The awarding of the prestigious Stockholm Water Prize to India’s ‘Water Man’ Rajendra Singh this year is good news for grassroots efforts towards water security in the country. For decades, Mr Singh has dedicated himself to empower drought-affected communities, bringing back dry and dusty villages to life. He has earlier been honoured with the Ramon Magsaysay Award for his work on community-based water harvesting and water magement. Though Rajendra Singh’s field of work is technical and evolving rapidly with latest studies, he has drawn mostly from traditiol Indian wisdom of rainwater harvesting and groundwater recharging. In fact, the one-time Ayurveda practitioner found his mission in life after a village elder told him that the village needed water more than medicine or education. After learning the basics from villagers, Rajendra Singh got down to work and his NGO Tarun Bharat Sangh has brought back water to around 1,000 villages in Rajasthan by building thousands of storage tanks called johads, earthen check dams and other structures to capture rain water. The NGO even succeeded in rejuveting seven small rivers in comparatively drier parts of Rajasthan. Listed by the British daily The Guardian as ‘one of the 50 people who could save the planet’, Mr Singh has also worked with the state governments of Maharashtra and Kartaka, focusing primarily upon recharging groundwater to revive water bodies. Recently the Uttar Pradesh Chief Minister discussed with him about the drying of many lakes as well as rivers like Lakhari and Chandraval in the state.
A vocal critic of present day development with its blind eye to restoration and conservation, Rajendra Singh points to the fact that governments in the country still have not worked out any protocol for saving rivers. He has consistently opposed discharge of sewage, treated or otherwise, into the Ganga, digging sand in the riverbed and restricting its tural flow in the me of building dams. Warning that water is a limited resource, Mr Singh has argued that while there is a tural balance between rainfall and density of population, people demand more and more water — thereby resulting in water scarcity. Observing that decades of neglect have robbed villages of confidence and self-reliance, Mr Singh focused upon waking up the ‘sleeping knowledge bank’ of villagers, which made his ‘water-soil-forest’ conservation campaign a success. In its citation, the Stockholm Water Prize Committee has said the water problems of today cannot be solved by science or technology alone. These are instead human problems of governce, policy, leadership, and social resilience. This is why Rajendra Singh’s lifetime work in ‘building social capacity to solve local water problems through participatory action, empowerment of women, linking indigenous knowhow with modern scientific and technical approaches and upending traditiol patterns of development, resource use, and social norms’ — has borne spectacular results and serves as an inspiration.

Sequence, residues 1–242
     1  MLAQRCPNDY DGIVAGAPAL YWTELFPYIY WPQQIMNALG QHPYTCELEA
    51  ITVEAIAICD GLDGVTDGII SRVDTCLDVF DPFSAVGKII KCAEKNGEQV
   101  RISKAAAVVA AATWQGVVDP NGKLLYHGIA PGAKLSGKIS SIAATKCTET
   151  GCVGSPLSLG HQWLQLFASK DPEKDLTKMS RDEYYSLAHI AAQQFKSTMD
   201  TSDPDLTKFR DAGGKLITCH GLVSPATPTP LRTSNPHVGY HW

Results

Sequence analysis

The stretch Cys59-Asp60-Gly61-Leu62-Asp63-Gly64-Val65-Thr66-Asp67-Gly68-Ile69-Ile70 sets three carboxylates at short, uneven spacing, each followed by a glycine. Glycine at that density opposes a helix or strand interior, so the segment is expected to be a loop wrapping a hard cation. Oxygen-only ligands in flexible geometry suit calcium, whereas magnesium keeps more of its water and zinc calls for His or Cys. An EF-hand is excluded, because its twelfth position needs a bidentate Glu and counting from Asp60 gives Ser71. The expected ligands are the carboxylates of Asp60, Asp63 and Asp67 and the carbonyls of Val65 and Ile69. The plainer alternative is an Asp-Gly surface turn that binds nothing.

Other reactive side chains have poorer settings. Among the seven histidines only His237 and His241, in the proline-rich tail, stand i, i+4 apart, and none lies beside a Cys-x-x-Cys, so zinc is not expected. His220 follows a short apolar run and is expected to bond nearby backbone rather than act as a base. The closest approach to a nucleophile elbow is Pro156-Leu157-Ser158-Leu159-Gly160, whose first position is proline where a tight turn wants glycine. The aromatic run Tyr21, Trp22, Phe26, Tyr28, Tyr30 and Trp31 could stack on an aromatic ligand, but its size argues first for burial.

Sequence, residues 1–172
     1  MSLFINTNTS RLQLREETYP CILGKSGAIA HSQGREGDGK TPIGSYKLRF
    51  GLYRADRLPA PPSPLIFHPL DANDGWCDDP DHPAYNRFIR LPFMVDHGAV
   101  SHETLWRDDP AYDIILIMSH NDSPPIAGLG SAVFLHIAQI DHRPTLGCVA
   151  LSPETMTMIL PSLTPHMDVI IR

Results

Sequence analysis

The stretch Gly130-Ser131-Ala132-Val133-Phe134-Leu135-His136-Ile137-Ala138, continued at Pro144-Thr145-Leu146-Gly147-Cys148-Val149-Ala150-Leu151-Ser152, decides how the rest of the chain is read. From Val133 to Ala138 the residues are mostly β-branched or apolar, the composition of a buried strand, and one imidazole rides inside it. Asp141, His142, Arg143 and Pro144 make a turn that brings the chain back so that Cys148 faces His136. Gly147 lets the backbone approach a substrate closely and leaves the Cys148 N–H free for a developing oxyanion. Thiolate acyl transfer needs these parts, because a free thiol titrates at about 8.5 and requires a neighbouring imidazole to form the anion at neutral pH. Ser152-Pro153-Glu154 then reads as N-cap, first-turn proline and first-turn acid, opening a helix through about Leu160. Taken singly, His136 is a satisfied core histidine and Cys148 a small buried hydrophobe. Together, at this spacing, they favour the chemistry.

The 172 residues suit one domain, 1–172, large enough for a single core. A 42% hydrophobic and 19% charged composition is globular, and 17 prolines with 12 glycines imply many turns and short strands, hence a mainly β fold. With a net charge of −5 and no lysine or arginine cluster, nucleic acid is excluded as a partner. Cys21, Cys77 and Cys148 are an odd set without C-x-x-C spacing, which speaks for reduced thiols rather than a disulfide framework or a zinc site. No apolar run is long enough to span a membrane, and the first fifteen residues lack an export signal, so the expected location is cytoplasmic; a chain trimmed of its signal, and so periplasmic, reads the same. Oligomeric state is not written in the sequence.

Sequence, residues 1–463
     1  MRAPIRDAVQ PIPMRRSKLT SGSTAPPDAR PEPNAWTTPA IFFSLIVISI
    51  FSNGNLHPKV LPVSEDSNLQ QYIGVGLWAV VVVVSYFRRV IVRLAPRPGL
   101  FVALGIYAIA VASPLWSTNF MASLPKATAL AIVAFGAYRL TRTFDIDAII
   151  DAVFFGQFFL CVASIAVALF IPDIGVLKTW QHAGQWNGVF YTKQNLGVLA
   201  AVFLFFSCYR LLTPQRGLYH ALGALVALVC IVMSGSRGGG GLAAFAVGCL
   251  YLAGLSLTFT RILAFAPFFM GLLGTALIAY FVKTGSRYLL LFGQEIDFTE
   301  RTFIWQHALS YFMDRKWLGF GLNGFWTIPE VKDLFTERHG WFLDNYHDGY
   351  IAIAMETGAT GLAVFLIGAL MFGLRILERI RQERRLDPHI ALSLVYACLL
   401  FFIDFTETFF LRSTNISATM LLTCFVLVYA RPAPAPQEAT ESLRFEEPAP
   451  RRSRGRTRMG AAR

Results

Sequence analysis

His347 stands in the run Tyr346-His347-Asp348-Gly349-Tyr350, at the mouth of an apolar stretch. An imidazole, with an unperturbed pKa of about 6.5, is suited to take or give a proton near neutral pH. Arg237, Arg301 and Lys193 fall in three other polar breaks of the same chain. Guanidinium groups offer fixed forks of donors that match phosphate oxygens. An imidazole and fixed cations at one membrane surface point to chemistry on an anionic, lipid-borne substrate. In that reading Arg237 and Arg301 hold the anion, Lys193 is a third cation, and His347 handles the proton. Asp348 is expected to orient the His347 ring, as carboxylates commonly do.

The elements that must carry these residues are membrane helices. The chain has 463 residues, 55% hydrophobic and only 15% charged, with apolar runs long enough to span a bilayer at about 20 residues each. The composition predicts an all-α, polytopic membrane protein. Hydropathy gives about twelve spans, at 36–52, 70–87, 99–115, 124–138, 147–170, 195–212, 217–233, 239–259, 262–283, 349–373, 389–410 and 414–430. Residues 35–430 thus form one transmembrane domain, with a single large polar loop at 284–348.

We may live on a watery planet, but only 2.5 per cent of this water is usable fresh water. And the source of virtually all freshwater is precipitation from the atmosphere, in the form of mist, rain and snow. A part of the Earth’s water cycle operating over eons, its working may become dangerously unbalanced with rapid climate change resulting from lopsided development in the last hundred years. The proper magement of surface and underground water is of vital importance if human society is to survive in the long run. Dispute over freshwater sources may even lead to a Third World War, as some experts warn. India with its over-reliance on monsoon rains in summer, is particularly vulnerable to water scarcity in the long dry months. It is a looming threat for the Northeast too, though floods may play havoc in its Brahmaputra and Barak basins for 4-5 months every year. But the rains have been frequently deficient in this region for the past several years, affecting even wet spots like Cherrapunjee in Meghalaya. The NE states need to work out and implement a consistent water policy. Water conservation and even rainwater harvesting may not be outlandish practices in this region, if rains keep playing truant in the coming years and the dry season gets longer. For an agrarian state like Assam, decreasing rainfall has dangerous implications for agriculture and power generation. Protecting the water flow in our streams and rivers and keeping water bodies alive has never been more important. The water table under Guwahati has been going down drastically, making water scarcity a major headache for its residents. So when activists like Rajendra Singh show how to trap rainwater on the countryside and make it percolate down to recharge groundwater, or dry cities like Cheni capture rainwater on rooftops and send it underground — it is valuable knowledge for us in the Northeast. We may need it before long.